After much prodding by other bloggers, I set this up for my own writings. The name is in honour of the two women that mentored me throughout my life on politics and intelligence issues, as well as being wonderful family members, now alas deceased. I hope to live up to their standards at this site.

Friday, November 11, 2005

Lest We Forget

This day is the one day each year we set aside to remember those that fought in the various wars this country has participated in. It is when we acknowledge the massive debt we owe those that fought, bled, and died for the freedoms we in Canada enjoy, indeed that the western world enjoys. WWI & WWII were wars of great death and devastation of not just the human body of those involved but their very souls as well. One cannot witness the death and destruction of these wars and not be fundamentally changed, which if anyone reading this knows/knew a veteran of these wars knows already. The Korean war was the first major conflict after WWII in which Canada participated, and the first war under the auspices of the UN. Then there was the first Gulf War, also under UN auspices. We in Canada are most fortunate in that as yet our soldiers have not been asked to fight and die in a dishonourable conflict, so there should be absolutely no ambivalence in the recognition of the sacrifices made by those on the battlefield under our flag and in our name. They deserve our respect, our remembrance, and our keeping faith with the principles and freedoms they bled and in all too many cases died protecting.

For myself, I keep a poppy in my hat year round, for I prefer to remember them and their sacrifices every day of the year. I had family that fought in both world wars and Korea, I also had family that in WWII healed those that fought and survived, at least physically. I am aware of both the costs of war and the harsh and ugly truth that there are times where it is necessary in order to protect from the ambitions/intentions of others intent on domination and subjugation. This is something all Canadians should realize, yet I fear that as time continues on we may be forgetting those that most deserve our respect and admiration, and I find that saddening and something to be deplored. I hope that more people stop and consider these sacrifices, and the next time they meet a veteran of either WWI (yes I know, very unlikely these days) or WWII that they tell them how much their sacrifices are appreciated, and the expressions of gratitude for the recognition and remembrance will warm your hearts.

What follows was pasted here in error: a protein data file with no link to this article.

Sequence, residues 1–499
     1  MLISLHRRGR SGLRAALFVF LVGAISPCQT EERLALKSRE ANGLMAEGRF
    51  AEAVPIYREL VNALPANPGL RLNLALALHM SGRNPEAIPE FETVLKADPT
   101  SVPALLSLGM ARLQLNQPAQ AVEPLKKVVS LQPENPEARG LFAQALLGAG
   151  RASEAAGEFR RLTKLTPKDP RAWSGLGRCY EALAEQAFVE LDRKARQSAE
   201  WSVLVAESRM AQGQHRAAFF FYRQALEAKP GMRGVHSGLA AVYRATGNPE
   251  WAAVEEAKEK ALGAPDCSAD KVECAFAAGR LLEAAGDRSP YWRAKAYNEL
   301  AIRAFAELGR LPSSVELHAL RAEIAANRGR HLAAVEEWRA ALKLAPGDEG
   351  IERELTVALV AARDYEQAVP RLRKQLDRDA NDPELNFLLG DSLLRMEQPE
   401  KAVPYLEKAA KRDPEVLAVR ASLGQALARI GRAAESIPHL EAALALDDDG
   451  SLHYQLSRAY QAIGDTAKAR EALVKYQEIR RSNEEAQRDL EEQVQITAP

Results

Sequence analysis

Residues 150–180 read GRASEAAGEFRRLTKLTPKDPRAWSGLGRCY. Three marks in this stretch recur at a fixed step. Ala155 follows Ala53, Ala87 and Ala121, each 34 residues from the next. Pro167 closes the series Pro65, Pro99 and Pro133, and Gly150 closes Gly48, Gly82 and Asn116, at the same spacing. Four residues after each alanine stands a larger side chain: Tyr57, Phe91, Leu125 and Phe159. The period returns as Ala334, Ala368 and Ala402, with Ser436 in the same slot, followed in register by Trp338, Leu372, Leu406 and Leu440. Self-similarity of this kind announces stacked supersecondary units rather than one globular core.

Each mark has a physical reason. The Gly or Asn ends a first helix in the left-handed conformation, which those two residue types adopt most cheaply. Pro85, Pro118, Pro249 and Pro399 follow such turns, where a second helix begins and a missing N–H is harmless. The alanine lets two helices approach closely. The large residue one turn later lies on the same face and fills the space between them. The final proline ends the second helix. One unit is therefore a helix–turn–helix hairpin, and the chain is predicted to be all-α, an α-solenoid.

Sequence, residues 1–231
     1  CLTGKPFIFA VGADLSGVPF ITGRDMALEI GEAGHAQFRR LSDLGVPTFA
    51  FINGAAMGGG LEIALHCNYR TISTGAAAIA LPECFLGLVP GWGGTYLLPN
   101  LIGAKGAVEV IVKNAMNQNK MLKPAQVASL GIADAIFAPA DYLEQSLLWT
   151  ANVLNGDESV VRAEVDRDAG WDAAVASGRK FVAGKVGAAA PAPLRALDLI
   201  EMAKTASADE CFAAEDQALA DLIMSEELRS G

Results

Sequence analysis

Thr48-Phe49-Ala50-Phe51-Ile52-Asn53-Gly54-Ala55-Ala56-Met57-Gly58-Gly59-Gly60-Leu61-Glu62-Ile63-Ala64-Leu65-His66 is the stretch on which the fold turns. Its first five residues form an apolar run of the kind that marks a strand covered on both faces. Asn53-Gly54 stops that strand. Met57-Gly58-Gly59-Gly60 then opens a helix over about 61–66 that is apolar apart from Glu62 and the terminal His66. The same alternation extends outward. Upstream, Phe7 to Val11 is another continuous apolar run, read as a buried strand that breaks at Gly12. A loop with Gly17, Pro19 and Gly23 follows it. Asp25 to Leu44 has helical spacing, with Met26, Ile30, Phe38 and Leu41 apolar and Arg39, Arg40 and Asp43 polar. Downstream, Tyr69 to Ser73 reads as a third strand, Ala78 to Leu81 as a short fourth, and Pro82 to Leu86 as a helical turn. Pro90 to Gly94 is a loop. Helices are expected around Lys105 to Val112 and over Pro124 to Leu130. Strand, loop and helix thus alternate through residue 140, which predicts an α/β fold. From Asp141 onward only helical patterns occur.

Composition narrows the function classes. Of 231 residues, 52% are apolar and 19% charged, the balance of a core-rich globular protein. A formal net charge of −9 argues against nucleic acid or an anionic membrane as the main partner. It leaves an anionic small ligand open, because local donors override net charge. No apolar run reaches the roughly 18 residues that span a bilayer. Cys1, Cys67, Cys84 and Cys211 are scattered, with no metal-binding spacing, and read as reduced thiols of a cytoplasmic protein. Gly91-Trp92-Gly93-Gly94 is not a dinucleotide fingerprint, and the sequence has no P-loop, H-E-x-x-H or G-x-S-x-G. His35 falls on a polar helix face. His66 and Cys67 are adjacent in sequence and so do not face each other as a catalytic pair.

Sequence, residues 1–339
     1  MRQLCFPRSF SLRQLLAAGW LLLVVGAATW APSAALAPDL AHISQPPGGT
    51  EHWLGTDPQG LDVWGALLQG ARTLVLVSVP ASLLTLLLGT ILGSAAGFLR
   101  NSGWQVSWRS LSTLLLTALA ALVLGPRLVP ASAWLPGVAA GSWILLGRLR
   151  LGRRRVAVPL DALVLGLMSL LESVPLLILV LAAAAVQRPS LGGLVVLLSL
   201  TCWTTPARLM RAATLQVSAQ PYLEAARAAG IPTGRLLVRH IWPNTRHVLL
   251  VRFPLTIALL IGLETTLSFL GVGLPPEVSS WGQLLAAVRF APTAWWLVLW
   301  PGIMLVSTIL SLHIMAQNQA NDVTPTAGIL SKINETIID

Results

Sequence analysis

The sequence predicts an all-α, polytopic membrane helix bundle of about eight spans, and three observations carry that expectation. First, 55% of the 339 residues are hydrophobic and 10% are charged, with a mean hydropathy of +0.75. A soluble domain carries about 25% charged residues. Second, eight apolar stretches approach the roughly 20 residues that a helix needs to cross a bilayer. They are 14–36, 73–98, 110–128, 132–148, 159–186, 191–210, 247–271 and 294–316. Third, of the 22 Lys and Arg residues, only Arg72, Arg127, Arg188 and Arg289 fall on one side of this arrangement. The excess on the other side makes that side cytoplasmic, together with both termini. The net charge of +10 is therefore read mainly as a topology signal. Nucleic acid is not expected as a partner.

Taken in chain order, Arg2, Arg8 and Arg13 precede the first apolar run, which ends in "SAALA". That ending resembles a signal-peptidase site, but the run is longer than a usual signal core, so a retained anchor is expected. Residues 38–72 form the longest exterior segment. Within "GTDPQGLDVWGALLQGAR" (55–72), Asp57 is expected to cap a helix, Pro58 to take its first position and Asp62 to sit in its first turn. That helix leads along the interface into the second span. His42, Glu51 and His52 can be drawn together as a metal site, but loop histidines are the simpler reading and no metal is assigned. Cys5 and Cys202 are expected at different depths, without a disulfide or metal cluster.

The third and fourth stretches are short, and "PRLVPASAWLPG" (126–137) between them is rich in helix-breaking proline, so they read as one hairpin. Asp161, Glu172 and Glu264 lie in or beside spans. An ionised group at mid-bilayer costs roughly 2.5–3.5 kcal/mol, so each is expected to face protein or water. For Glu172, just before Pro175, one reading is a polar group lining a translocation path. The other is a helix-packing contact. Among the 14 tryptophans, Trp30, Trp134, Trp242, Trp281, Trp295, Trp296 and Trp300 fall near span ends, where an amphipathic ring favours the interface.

On a related note, Andrew and Bound By Gravity has retired from the blogging world. One of the reasons I liked his blog so much in addition to his insistence on civil and reasoned discourse was his respect for veterans. Andrew was someone that understood the honour in service and the cost of sacrifices in it, and I was very impressed with his devotion to making sure the service of our veterans was not forgotten. His blog will be sorely missed, and hopefully it is a temporary circumstance and not a permanent one.


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